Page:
Art lost to brambles.

Crest Nicholson are rightly celebrating all the new art that has been installed in and around the new Queen Elizabeth Park at their Riverside development.

However, l am disgusted at how one much earlier installation – further along the riverbank and not part of the Crest development – is currently being treated.

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Artist Peter Logan was commissioned to produce his kinetic sculpture Nails by Homebase – back in 1987 – while the gas holders and other industrial dereliction still lay in situ. It’s positioned near the River Avon at the Green Park station edge of the site.

Now – 32 years later – only the top piece of the sculpture stands free of all consuming bramble. The original notice –  which explains what it is and who put it there – is completely lost to view.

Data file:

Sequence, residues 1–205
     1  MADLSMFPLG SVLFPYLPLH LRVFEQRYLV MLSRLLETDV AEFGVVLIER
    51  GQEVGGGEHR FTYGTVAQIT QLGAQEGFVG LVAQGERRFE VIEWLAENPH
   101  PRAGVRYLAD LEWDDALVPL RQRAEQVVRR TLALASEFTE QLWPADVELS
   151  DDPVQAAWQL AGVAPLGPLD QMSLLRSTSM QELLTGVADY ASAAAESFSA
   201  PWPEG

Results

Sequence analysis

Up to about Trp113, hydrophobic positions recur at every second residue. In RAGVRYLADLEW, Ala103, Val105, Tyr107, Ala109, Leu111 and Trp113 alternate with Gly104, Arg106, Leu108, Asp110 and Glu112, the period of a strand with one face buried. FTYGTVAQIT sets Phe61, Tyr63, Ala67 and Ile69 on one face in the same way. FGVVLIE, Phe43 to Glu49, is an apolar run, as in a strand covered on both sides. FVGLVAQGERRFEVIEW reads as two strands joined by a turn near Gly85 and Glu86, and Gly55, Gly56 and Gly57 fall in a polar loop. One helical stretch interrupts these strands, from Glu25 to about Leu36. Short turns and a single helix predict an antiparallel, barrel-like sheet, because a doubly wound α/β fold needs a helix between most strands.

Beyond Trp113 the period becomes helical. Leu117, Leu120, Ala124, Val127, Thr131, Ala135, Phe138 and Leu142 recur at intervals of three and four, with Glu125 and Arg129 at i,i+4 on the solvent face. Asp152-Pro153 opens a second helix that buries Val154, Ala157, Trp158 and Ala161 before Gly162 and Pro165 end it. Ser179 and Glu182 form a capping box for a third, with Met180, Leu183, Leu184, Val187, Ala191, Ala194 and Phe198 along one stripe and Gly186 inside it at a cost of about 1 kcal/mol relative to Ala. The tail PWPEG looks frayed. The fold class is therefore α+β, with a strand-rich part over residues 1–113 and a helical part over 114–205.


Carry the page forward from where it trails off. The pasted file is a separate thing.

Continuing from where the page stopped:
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This is lost in the bramble. I took the image in 2014.

Peter, who was born in 1943, has made kinetic sculpture since 1968 – using wind, electricity and solar power to provide movement for his works.

Nails is a wind mobile structure made from lightweight aluminium.

The lower nails rotate on a central pivot allowing the sculpture to face into the wind.

The upper four nails have been balanced to rest horizontal in still air and the pressure of the wind upon the surface of the nails causes them to turn.

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This photo was taken in 2014.

In a good breeze the sculpture will reach a height of 41 feet and will come to rest at 31 feet if the wind completely drops.

The whole site is due for  re-development as a massive residential complex – if planning permission is granted – for our more wealthy senior citizens.

Let’s hope something can be done to make this early piece of River Avon artwork better appreciated.